CPD FOIA Suit Updates


This entire lawsuit and how the CPD has responded throughout is a monument to just how against the organization is to real transparency. Also, it is important to note that the behavior of the CPD has not been affected by who was in the Mayor’s office or sitting in the Superintendent’s office. Due to the length of the litigation we now have spanned the tenures of two different superintendents and two different mayors. There has been absolutely no difference in how the agency is responding to our efforts towards real transparency.

Here is our original post from the day we field this suit where you can access the complaint in its entirety.

To help our supporters better understand what is going on from court hearing to court hearing we will be posting regular updates to this page. We will be posting the most current updates at the top so if you may want to read from the bottom up to get the full context of everything.


3/18 – CJP served the CPD with our first set of discovery requests

CJP v. CPD P’s First Set of Disco Requests FINAL


Our litigation is now approaching 3 years without any discernible signs that the CPD is going to stop fighting our efforts. Here are the things we are still fighting over.

Staffing Analysis

The CPD told the city council and the media they did a staffing analysis to prove they needed the 1,000 officers that Mayor Emanuel sought to hire to the department in Sept. 2016. After telling us they provided it in the documents they supplied to us after the filing of this suit – it was very obvious it was not in what they provided us – and then telling the court it was in the Bromwich report (see below) – it was obvious it was not in there also – they then told the court they looked hard enough and shouldn’t be forced to look any further. Yup, the CPD claims they cannot find an analysis they said they did that was the basis of a decision to hire of 1,000 officers to the department. Only in Chicago!

OEMC Calls for Service

Our request is for 18 years of data related to calls for service. This is meta data collected by the Office of Emergency Management and Communications (OEMC) anytime someone calls 911 seeking a police response. In the justice industry these calls are labeled calls for police service. The CPD collects this data from every year and stores it iin their data warehouses. In our initial FOIA and in court they denied they possessed this data. After many months they have indeed admitted to possessing this data going back to 1999.

They have supplied a portion of this data to CJP but only in Chicago fashion could they have supplied us 145% of the data they say exists in their annual report for half the years and the other half supplied us with an average of like 13% of the data for each year.

We had a call setup with the Sergent of the unit to discuss why they supplied us with such odd amounts of data. After agreeing to this call the CPD and the Chicago Law Department cancelled this call. So now they are forcing us to serve them interrogatories and take further actions in court to get to the bottom of their actions. it always amazes me the amount of tax payer money the CPD is willing to throw away to hide their ridiculous actions.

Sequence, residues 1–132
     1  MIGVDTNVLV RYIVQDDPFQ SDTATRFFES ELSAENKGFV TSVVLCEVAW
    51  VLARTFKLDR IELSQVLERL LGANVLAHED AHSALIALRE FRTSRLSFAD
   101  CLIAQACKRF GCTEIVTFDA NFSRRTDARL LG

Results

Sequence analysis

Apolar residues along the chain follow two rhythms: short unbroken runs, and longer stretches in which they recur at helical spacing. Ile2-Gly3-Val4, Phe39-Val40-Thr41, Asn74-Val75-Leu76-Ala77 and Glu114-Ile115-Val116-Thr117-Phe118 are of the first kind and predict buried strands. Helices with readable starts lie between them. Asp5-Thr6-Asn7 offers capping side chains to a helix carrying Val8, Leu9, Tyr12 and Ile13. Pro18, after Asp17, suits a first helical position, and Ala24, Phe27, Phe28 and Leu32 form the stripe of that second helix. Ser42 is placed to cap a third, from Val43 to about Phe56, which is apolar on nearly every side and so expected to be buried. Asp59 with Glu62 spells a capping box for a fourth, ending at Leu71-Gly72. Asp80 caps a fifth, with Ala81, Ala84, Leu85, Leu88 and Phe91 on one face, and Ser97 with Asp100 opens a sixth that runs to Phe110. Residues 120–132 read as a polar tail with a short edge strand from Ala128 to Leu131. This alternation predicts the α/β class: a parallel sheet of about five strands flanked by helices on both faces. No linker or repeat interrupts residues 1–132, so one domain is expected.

So we have some victories racked up so far in this litigation that is going to fuel are research moving forward and some of our transparency efforts.

  • Academy Hires – how many officers were hired post 2016 announcement and what districts were they assigned to
  • District Staffing – for several years we have obtained staffing for each district as of January 1st.
  • Crime Incident Data – we won access to crime incident data dating back to 1999. Our version though also includes data on what is called unfounded cases. This is very important because the CPD had (has) a very high rate of categorizing sexual assault allegations as unfounded. Unfounded stands for untruthful. Obviously this data is very important to understanding how the CPD works. This is what separates CJP from traditional transparency projects – expertise in justice system data.
  • Emails – CJP won access to a significant amount of Superintendent Johnson’s emails in the months leading up to and after the September 2016 announcement that the CPD was requesting that the city hire 1,000 additional officers for the Department.


We lost three counts in our multi-count complaint. Those counts are:

  • Arrest Data
  • Internal Affairs Data

On both of these counts the judge ruled that it would be too burdensome for the CPD to provide us this information. We wholeheartedly disagree with these rulings and hope to be victorious if/when we appeal.

  • Bromwich Report

This is a study of the CPD’s training academy and curriculum that a lawyer named Michael Bromwich did for the CPD. He did the report during the time the CPD was in the midst of the federal civil rights investigation being conducted by the US Department of Justice. The CPD claims the report is covered by attorney – client privileged. We argued that only the parts of the report that pertain specifically to Bromwich providing legal advice should be covered. The judge disagreed. We believe we will be appealing this ruling.

Tracy has nearly two decades of experience researching and working within criminal justice systems. When Tracy began pursuing a career dedicate to system reform, he found that no single organization existed to promote evidence-based discussions among law enforcement agencies and the communities they serve. Recognizing that citizens in Chicago deserved the right to demand transparency in their criminal justice system, Siska established the Chicago Justice Project. He received his Master of Arts degree in Criminal Justice at the University of Illinois at Chicago.

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